Back to Hago to check on our cats: The two girls look very comfortable and relaxed and have had successful surgery. Domino is indeed a lucky boy, as unbeknown to us; he had a huge bite on his leg, cut through to the bone. Our vet repaired this at no extra charge during the neutering surgery. He will need hospital care for at least a week though, poor lad.  The ear tipping looks great and not one of the cats seemed to be the slightest bit bothered by it. Our vet thought it was very funny that we had lost today’s cats and by that time so did we!

 25th November 2010.

Two females in for neutering today. One is known as Sweetie, probably the compounds most famous lady as she hangs out near the shop. Well known by many people for being a bit “moody and scratchy” she will hopefully be a good ambassador for the project. It is well documented that neutered cats tend to be less aggressive, quieter and can be friendlier. Our hope is that once Sweetie returns, sporting her new look (ear), she will help to promote the scheme by her improved behaviour, we will let you know how that one goes! We had a chat with our vet again; he has agreed to vaccinate our males after three days, excellent! We are getting there.

By the way…..On arriving at the vets we bumped into one of our sponsors, she had been handed a puppy in a carrier bag on the street, what else could she do but take it. The poor little thing looked terrified but was wagging its tail when spoken too. Our sponsor is willing to foster him/her until we can find a home but for now he/she is getting the necessary checks in hospital. Oh those puppy eyes!

26th November 2010.

Back to check on everyone. All doing well, our vet has used dissolving stitches for the two female operations yesterday. He will still keep them for a week to check if these are successful but it may mean shorter hospital stays in the future. It is great that our systems are evolving so quickly and that our vet is willing to try new methods to assist us. So that’s the end of the first week and how great they all look!                                               

TNR Cats

TNR Cats


Meet Tomasa & Leoncio

Tomasa & Leoncio
Gender: Tomasa (female) and Leoncio (male)
Age: Tomasa (Approx. 6 months old) and Leoncio (Approx. 4 months old)
Health: Vaccinated, dewormed and de-flead. Tomasa is spayed.
Ideal Home: Family with children

Story: The rescuer came across Tomasa and Leoncio in the East West Restaurant in Jinqiao (Pudong) in the beginning of November 2010. Tomasa and Leoncio are 2 out of 11 kittens that reside outside the East West Restaurant, where a cabin has been built for them. However, JAR will gradually rescue all the kittens and spay the mother cat to prevent another batch of abandoned litters.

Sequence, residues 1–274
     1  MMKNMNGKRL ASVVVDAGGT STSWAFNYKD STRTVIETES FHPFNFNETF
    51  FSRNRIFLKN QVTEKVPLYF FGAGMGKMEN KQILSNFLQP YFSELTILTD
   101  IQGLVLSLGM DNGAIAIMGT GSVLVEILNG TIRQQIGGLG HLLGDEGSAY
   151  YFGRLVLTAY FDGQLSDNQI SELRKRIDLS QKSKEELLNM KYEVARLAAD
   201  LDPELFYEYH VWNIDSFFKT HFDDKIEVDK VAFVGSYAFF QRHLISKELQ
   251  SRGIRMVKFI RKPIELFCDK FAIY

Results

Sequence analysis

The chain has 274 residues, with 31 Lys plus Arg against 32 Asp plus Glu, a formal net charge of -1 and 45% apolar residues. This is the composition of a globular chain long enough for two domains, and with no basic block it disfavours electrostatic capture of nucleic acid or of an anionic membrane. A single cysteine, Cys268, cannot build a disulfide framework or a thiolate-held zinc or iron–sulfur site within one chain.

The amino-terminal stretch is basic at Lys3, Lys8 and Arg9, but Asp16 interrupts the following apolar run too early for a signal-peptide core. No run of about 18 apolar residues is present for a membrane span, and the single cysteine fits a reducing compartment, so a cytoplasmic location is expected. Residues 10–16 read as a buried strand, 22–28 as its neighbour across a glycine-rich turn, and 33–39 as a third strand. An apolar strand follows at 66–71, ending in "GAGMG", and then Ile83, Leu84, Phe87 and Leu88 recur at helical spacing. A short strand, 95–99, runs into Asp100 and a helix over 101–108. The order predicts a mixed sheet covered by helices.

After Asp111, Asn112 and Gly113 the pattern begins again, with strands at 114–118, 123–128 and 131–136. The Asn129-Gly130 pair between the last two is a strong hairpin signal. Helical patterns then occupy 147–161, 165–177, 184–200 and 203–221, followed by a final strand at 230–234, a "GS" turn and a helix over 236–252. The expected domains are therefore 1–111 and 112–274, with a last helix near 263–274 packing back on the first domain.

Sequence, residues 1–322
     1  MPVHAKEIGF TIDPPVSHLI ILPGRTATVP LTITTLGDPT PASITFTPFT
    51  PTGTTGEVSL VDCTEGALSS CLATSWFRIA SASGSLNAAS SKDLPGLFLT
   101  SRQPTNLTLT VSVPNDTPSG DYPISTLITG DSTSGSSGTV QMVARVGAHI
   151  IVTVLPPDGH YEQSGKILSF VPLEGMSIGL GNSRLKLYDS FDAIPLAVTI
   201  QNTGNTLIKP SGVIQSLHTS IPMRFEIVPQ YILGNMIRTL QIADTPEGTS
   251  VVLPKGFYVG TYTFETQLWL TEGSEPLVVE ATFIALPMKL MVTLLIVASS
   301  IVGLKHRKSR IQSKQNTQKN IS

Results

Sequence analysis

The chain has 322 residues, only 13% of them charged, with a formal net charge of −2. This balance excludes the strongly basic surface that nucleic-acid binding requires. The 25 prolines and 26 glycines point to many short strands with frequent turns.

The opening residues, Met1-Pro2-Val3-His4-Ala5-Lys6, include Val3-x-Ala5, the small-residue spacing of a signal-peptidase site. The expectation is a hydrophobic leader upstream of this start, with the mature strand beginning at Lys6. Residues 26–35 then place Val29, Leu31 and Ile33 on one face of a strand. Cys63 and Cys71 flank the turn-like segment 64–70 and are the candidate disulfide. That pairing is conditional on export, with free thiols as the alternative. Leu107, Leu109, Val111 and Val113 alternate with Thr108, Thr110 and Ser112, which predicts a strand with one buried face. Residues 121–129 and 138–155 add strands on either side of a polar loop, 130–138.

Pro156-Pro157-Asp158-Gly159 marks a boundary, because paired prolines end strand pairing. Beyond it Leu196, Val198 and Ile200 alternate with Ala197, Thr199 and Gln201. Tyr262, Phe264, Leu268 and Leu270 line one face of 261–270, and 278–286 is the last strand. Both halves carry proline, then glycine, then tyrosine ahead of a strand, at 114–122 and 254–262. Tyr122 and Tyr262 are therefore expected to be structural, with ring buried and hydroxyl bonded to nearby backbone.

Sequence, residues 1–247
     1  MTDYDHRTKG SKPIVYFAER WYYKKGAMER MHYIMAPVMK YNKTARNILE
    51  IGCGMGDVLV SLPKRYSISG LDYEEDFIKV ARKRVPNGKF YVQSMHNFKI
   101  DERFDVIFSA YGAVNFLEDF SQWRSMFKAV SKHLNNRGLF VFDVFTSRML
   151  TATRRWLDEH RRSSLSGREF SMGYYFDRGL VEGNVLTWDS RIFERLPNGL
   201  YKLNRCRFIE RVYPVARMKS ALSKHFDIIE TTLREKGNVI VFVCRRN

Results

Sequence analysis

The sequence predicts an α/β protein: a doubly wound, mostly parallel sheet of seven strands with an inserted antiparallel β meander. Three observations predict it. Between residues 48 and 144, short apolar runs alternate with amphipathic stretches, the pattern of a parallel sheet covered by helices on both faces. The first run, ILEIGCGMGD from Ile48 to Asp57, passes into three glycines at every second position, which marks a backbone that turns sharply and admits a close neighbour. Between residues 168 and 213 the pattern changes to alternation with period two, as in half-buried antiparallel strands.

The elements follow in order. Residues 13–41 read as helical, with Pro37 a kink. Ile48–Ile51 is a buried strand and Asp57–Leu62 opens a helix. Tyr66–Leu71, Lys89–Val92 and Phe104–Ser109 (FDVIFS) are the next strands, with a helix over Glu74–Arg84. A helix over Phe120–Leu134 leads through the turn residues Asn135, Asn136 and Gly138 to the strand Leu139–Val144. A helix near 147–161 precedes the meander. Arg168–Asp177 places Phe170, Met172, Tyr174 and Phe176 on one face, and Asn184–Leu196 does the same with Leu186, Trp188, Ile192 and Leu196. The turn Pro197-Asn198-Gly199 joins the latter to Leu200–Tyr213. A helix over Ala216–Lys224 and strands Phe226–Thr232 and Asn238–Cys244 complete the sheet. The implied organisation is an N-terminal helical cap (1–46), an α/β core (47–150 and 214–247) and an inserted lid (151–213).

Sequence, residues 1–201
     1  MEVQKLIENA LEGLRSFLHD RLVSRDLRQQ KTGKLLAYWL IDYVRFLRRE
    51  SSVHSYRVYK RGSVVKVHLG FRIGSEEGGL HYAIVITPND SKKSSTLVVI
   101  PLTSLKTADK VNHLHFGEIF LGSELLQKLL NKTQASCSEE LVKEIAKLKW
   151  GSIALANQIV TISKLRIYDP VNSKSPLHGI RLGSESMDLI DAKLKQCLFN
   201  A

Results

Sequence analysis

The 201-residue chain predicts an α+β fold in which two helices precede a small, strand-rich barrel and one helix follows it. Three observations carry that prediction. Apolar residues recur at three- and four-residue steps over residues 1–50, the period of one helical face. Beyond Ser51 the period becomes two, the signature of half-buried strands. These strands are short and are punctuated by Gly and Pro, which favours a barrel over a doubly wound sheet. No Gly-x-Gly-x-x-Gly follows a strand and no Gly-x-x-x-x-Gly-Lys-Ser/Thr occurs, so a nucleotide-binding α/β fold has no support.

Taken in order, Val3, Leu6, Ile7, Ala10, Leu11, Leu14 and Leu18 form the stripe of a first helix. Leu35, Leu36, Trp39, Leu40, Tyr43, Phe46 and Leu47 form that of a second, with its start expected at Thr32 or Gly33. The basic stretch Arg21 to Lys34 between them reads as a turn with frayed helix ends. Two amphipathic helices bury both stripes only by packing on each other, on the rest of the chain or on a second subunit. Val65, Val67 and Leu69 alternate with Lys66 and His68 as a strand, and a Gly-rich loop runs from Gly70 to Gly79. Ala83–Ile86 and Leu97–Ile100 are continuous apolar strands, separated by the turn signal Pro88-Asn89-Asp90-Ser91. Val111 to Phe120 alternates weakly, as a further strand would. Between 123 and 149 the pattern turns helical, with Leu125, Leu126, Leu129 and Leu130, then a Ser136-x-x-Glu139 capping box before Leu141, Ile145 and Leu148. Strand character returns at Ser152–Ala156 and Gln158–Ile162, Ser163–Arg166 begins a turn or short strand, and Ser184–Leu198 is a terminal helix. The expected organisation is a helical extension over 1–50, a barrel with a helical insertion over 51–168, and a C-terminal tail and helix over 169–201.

Tomasa is a beautiful cat with big blue eyes and short white fur. She is always a little bit shy when she meets new people, but after a while she blossoms into a very affectionate cat … looking for your attention and purring of happiness when you hold her. Leoncio is a sweet and lovely kitten with eyes of different colors (blue and green) and long white fur. Given that his long fur makes him look like a small white lion he was named Leoncio (Spanish name that means Lion). Leoncio is no shy at all, and he will always enjoy to play and to be pet. One unique characteristic of Leoncio is that he does not meow at all (according to the Vet this can be a genetic inheritance in some cats).
Tomasa and Leoncio are very good friends, and truly enjoy each other’s company. Furthermore, these pair of white friends are real foodies … characteristic that probably has its origin in the fact that they both were rescued from outside the restaurant.
Can you give them their forever loving home?

For more information about being a foster parent or how to adopt a cat or dog from JAR, please contact or come to visit JAR during its Animal Adoption Day in Puxi on Sunday December 12th, from 11:00 to 15:00 hrs, at from 11:00 to 15:00 hrs, at Papas Bierstube Restaurant, Hongmei Road 3338, Hongmei Pedestrian Street 22-24, Puxi, Shanghai (德国乡村西餐厅上海市闵行区虹梅路3338弄虹梅休闲街).

Cats available for Adoption:
Dogs available for Adoption: